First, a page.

Does anyone know what the word prodigal means? Perhaps most people assume that it means: “wanderer”, or “rebel”, or perhaps even “backslider” or that it only applies to sons. This seems to be based on the story that Jesus told in Luke 15 to which most Bible Publishers assign the division title – The Parable of the Prodigal Son. But the word prodigal does not occur in this parable. Interestingly, there are three lead characters in this shocking and famous parable: the father and his two sons. One of these was genuinely ‘prodigal’, and, as Tim Keller points out, it was neither son! To appreciate what Keller means we might need to take another look at what the word prodigal actually means. It comes from the verb prodigious which means remarkably great in extent, size, or degree (New Oxford American Dictionary). It is a word often used to describe an author who regularly writes books – John Grisham is a prodigious author. A prodigal person is therefore, prolific, extravagant, excessive, and, lavish. Keller points out that even though most people ascribe this to the wayward son in the parable, it is more appropriately a designation for the lead character in the story, the father!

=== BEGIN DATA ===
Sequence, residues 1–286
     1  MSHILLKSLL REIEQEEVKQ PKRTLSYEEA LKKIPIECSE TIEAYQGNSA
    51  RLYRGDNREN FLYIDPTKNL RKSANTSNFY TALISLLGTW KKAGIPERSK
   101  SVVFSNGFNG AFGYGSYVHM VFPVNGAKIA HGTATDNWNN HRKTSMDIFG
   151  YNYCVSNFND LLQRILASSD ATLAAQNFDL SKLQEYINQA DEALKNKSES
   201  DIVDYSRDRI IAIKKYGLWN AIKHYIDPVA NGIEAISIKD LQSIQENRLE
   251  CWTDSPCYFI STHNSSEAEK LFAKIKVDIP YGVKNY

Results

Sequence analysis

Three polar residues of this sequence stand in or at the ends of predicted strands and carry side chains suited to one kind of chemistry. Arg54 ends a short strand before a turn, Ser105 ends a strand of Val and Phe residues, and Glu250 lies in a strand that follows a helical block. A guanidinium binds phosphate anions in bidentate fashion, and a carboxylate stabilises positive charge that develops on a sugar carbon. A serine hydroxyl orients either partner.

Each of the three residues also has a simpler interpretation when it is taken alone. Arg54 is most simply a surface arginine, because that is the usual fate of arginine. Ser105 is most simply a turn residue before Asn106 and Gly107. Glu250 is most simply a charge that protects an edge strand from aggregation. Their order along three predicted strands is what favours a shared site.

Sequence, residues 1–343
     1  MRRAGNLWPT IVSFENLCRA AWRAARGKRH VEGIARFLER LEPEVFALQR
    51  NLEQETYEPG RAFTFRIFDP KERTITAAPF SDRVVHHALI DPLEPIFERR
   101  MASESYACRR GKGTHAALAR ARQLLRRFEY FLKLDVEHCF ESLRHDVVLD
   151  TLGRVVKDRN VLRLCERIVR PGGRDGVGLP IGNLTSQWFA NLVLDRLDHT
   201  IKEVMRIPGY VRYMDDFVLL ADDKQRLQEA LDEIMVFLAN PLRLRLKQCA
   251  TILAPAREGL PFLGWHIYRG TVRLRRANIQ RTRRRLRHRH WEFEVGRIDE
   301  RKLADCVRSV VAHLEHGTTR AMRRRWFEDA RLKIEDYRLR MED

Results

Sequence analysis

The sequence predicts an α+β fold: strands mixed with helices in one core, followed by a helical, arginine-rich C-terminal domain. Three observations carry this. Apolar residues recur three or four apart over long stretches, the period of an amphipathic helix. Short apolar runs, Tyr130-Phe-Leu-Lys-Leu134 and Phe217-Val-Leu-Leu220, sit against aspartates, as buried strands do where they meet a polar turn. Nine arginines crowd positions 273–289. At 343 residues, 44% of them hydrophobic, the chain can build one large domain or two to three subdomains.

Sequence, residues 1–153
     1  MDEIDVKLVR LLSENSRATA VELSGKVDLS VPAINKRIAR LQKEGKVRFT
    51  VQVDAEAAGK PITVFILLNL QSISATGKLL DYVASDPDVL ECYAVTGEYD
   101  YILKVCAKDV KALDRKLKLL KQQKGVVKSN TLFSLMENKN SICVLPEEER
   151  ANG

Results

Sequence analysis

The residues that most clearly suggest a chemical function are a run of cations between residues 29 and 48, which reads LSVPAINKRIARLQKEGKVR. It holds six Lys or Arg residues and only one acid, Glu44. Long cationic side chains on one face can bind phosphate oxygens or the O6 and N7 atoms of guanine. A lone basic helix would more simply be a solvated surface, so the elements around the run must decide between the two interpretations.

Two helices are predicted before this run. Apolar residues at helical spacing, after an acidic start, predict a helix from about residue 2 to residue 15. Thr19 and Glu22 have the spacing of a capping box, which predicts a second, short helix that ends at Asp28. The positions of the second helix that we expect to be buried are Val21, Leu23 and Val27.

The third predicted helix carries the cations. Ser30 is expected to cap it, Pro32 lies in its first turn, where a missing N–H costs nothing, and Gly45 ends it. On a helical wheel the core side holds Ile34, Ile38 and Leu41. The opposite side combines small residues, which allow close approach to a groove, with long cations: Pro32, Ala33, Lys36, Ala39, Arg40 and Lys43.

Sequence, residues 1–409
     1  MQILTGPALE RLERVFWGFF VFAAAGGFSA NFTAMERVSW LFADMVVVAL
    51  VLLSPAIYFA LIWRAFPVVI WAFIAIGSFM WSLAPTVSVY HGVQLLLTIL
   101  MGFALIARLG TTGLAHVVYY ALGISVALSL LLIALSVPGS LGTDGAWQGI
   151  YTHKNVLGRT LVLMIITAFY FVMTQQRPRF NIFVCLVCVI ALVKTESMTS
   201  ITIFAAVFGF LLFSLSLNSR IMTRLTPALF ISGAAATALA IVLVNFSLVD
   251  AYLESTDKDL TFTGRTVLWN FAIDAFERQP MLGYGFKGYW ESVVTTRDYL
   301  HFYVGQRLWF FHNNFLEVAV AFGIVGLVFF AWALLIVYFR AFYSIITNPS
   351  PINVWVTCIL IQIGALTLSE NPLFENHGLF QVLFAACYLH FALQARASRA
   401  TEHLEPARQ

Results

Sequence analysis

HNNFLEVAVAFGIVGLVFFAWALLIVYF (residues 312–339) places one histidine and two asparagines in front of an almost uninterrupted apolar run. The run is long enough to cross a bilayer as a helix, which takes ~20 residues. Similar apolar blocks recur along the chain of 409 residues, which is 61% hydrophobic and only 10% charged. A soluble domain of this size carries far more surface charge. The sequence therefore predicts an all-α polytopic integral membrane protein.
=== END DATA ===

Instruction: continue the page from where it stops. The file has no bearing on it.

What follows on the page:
We all need acceptance, love and respect. We all have a right to be treated with equality. This is why I totally get why so many people are in favour of same-sex marriage. It’s why so many people who identify themselves as part of the same-sex attracted communities are fighting so passionately for the laws in Australia to be changed to provide for same-sex marriage. As a Christian, I want for these people what they want – because I think everybody needs acceptance, love and respect, and equality. But I don’t think that same-sex marriage is the way to get it and it seems that 90% of the LGBTQ communities agree.